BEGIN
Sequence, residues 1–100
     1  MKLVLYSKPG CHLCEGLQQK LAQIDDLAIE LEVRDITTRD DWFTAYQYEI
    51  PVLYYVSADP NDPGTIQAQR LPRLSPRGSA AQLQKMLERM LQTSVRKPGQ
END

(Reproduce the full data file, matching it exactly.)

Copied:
Sequence, residues 1–100
     1  MKLVLYSKPG CHLCEGLQQK LAQIDDLAIE LEVRDITTRD DWFTAYQYEI
    51  PVLYYVSADP NDPGTIQAQR LPRLSPRGSA AQLQKMLERM LQTSVRKPGQ